Throughout our years of helping others through music therapy interventions, it is rare that music therapists find themselves on the client end of the equation. That is truly unfortunate because it is in receiving therapy that the therapist can appreciate and empathize with their clients. I have personally been a client of GIM (Guided Imagery and Music) as part of my training and wouldn't give up that experience for anything as I know it has helped me be a stronger therapist. However, I have not had the opportunity to be a client of a more "typical" music therapy experience. Not until two days ago, that is.
...it is in receiving therapy that the therapist can appreciate and empathize with their clients.
"Physician, heal thyself" is an old proverb that is found in the Christian bible, among other places. Depending on what website you search, the proverb has various meanings, from "we won't believe you until you can take care of yourself," to "prove it - words mean nothing until you do what you say," to "charity begins at home," to "before attempting to correct others, make sure that you aren't guilty of the same faults." It's not as simple as telling someone to take care of themselves, it is a demand that they know what they are doing before attempting to care for others. Not an insignificant or irrational ask, in my opinion.
Many times, I have "preached the gospel" of music therapy, specifically with pain management, knowing what the research has shown and what I have witnessed with my own eyes, but never fully experienced for myself. Does that make me a hypocrite? Maybe, but how many male gynecologists are actively practicing medicine who will never fully experience what their patients go through every day?
I've just known it works, so I do what I know.
Anyway... I have actively engaged clients in pain management interventions throughout my years as a music therapist, and have even stumbled upon music helping my own migraines from time to time. But through all this professional work with others, I have never engaged the help of a music therapist to assist me with my own pain management because I've never really needed it. I've just known it works, so I do what I know.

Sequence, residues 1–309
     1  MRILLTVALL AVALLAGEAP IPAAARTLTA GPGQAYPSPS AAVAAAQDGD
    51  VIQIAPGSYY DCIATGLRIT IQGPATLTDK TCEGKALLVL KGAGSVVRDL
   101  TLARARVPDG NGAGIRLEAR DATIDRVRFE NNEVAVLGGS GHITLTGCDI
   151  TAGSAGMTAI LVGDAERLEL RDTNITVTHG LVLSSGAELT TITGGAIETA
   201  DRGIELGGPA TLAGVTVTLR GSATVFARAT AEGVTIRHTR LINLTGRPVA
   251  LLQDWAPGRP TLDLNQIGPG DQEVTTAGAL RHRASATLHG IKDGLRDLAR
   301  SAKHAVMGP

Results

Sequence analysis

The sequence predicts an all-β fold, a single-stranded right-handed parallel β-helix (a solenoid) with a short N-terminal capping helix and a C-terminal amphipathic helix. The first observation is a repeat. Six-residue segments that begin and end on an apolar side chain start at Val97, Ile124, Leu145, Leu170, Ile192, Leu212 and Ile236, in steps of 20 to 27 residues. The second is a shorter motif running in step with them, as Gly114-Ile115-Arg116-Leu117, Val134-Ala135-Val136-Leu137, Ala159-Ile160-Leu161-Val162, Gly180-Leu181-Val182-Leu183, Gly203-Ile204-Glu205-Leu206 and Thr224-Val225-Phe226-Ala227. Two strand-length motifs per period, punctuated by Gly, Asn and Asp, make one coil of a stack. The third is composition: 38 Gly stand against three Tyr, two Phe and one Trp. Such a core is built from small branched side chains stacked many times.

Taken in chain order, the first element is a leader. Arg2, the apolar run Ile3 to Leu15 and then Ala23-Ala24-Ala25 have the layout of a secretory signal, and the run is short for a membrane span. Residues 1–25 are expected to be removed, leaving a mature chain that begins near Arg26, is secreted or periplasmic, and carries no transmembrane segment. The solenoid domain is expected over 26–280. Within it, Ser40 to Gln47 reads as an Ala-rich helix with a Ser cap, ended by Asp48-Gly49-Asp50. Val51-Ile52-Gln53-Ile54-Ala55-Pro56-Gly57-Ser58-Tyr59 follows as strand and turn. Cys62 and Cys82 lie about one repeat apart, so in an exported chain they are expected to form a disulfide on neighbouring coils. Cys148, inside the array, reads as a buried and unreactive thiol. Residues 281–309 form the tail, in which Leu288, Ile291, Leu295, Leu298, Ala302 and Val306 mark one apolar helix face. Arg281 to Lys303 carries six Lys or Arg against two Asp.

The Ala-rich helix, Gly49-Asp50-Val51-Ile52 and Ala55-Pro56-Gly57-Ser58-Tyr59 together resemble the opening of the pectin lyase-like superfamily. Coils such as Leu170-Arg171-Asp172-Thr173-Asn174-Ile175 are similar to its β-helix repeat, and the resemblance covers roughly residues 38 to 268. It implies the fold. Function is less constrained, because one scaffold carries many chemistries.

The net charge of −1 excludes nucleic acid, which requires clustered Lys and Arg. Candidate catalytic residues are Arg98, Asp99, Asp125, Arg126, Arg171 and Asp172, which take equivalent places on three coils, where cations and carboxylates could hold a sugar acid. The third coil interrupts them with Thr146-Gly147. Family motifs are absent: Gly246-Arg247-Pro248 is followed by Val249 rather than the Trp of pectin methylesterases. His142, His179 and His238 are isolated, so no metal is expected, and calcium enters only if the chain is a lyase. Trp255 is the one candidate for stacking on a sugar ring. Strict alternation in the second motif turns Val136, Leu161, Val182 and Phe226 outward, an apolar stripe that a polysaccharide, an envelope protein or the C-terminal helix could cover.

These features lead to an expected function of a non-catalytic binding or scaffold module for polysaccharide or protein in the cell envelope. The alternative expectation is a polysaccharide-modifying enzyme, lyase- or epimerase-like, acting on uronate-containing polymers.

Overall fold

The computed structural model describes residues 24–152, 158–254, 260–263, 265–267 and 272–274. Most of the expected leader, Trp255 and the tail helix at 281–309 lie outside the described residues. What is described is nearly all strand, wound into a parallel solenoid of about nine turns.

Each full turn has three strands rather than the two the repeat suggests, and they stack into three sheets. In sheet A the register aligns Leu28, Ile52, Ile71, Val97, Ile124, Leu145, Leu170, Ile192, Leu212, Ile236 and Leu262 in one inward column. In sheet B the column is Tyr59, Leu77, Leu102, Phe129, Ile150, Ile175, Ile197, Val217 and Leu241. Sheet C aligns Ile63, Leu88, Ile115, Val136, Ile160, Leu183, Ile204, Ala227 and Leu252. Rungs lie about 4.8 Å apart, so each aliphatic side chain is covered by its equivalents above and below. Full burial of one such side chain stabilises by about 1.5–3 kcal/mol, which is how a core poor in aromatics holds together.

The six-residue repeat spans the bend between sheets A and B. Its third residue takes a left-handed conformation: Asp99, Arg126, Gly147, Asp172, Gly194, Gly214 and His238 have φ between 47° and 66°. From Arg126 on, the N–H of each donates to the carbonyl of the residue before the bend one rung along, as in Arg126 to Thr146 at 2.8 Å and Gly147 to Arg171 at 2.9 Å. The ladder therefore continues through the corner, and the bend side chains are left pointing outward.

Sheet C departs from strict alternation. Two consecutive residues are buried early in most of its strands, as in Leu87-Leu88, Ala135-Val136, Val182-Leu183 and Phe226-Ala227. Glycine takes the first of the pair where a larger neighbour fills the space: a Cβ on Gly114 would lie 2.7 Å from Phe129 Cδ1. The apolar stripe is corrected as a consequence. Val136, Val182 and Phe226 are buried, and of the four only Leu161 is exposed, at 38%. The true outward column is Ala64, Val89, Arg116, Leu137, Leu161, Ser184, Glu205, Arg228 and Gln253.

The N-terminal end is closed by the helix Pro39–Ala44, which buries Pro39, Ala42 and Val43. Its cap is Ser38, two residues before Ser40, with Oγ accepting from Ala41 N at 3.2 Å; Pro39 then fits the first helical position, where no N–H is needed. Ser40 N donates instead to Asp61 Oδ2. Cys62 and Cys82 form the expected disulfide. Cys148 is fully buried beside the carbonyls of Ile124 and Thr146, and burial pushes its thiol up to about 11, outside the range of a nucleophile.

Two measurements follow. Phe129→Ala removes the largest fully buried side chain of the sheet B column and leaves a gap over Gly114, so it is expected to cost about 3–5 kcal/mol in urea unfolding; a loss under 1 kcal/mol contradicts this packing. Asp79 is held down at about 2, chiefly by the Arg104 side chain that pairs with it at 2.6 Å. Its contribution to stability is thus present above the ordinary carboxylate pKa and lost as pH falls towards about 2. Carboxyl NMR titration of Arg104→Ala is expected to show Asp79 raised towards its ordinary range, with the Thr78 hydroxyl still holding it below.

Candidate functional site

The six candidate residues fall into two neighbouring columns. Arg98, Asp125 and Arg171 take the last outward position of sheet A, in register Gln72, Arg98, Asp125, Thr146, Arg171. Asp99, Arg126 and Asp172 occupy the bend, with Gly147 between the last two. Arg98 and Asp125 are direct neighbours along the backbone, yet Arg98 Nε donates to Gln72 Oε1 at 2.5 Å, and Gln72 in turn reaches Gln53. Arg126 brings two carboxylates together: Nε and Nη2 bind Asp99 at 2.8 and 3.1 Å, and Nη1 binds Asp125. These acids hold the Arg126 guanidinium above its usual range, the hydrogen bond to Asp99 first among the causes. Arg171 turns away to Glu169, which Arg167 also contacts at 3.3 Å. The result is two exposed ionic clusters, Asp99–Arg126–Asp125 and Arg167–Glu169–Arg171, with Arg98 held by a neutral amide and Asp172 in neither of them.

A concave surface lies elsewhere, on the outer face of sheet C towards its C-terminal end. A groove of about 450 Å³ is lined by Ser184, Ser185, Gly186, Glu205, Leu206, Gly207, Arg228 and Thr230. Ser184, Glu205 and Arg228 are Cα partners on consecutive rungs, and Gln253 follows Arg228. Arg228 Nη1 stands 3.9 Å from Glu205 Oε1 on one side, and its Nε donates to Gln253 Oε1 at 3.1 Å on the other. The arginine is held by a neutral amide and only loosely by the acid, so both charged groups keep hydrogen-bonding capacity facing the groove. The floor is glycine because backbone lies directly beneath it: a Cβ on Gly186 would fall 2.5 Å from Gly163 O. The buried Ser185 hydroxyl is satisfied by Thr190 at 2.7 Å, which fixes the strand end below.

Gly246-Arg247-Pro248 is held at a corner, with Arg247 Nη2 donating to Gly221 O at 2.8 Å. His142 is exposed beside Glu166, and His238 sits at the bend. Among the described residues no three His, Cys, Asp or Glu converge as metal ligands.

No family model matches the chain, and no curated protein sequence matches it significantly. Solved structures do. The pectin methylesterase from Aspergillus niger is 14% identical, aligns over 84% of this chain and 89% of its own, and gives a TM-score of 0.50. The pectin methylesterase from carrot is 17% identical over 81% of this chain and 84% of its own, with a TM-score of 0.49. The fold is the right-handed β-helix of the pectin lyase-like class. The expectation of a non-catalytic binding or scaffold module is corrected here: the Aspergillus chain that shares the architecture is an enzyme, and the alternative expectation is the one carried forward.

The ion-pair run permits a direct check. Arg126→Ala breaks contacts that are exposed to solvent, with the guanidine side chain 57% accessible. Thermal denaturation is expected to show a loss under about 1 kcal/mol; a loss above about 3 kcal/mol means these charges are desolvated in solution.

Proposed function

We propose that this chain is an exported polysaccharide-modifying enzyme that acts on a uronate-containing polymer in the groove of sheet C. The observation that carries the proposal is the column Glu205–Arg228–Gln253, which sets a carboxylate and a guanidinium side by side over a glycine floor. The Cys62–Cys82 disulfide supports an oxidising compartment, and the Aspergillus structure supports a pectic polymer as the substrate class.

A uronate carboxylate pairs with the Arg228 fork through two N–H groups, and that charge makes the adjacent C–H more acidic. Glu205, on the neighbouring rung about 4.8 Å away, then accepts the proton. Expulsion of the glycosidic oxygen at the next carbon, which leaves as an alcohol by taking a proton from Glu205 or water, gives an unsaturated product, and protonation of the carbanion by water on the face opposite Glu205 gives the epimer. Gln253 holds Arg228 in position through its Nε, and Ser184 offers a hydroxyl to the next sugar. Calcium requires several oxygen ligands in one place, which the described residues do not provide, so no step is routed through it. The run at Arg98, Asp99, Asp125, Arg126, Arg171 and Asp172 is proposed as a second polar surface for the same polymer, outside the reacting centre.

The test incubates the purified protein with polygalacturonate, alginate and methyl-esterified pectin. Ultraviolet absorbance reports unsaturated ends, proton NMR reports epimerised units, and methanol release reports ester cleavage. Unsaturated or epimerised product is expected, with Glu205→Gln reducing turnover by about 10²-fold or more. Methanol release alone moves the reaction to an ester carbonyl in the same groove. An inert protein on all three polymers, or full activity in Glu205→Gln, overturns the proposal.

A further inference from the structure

Then comes this past 6 months or so when a personal medical issue came up and I was suddenly finding myself staring surgery in the face. Not only was I dealing with impending surgery, but having to wait for surgery and having to manage the pain that accompanied the medical issue that wasn't being managed by medications. So, what do I do? I use this as an opportunity to put my knowledge to the test!
I use this as an opportunity to put my knowledge to the test!
I set up two playlists on Spotify: a pre-op playlist to help me relax and a post-op playlist to help manage my pain (in concert with the lovely pain meds the hospital was going to give me). I discussed my desires for music with my surgeon and he was on board, stating that he would make sure my headphones would be in and the music playing before I woke from anesthesia.
I "practiced" with my playlists in the week or so before my surgery to help train my body and brain to what was going to happen. Listening to the pre-op playlist as I was falling asleep to associate those tracks with calm, relaxation, and falling asleep. Listening to the post-op playlist when I was in pain to help distract myself from the pain and pay attention only to the music. While I realize this is not technically music therapy because I didn't have a music therapist helping me through it - a trained therapist would have been able to read my non-verbals and adjust the music to whatever I needed in the moment - it was as good as I could do for myself.
How did it go? Well, I was so totally mellow during pre-op (I'm sure the meds they gave helped here, too) that I nearly fell asleep waiting to be taken back to the operating room. And I was waiting for nearly 2 hours. Nothing bothered me. My blood pressure was as good as it always is and I was just totally chill. Post-op... well, I don't remember a whole lot, but I do vaguely remember hearing my music and I don't remember being in pain at all. Like no pain at all. Zero. So, yay for meds and music!
If I ever require surgery again in the future, you can bet I'll be implementing this musical procedure again. And I highly recommend it to others as well.
So, yay for meds and music!
I can now say that I have experienced the pain management side of music therapy(ish) first hand and would love to help others experience this for themselves. While my process may have seemed pretty easy and straightforward, remember that I had the background knowledge of the mechanics of music and how it works to help manage pain as I was setting up my own playlists. It actually took me weeks to set up my playlists.
If you want help with something along these lines, please let me know. I would love to help!
If you're at all interested in what I chose for my playlists, here are examples from each:
Post-Op (pain management)